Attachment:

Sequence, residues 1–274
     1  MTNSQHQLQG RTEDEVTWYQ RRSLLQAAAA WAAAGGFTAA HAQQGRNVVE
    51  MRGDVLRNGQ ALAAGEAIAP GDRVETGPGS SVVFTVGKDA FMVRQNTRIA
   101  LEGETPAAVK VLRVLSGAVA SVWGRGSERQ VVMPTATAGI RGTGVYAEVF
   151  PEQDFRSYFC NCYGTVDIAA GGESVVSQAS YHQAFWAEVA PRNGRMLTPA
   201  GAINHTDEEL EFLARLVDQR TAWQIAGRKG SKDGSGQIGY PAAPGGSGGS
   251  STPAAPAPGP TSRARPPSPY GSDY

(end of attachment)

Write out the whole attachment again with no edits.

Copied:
Sequence, residues 1–274
     1  MTNSQHQLQG RTEDEVTWYQ RRSLLQAAAA WAAAGGFTAA HAQQGRNVVE
    51  MRGDVLRNGQ ALAAGEAIAP GDRVETGPGS SVVFTVGKDA FMVRQNTRIA
   101  LEGETPAAVK VLRVLSGAVA SVWGRGSERQ VVMPTATAGI RGTGVYAEVF
   151  PEQDFRSYFC NCYGTVDIAA GGESVVSQAS YHQAFWAEVA PRNGRMLTPA
   201  GAINHTDEEL EFLARLVDQR TAWQIAGRKG SKDGSGQIGY PAAPGGSGGS
   251  STPAAPAPGP TSRARPPSPY GSDY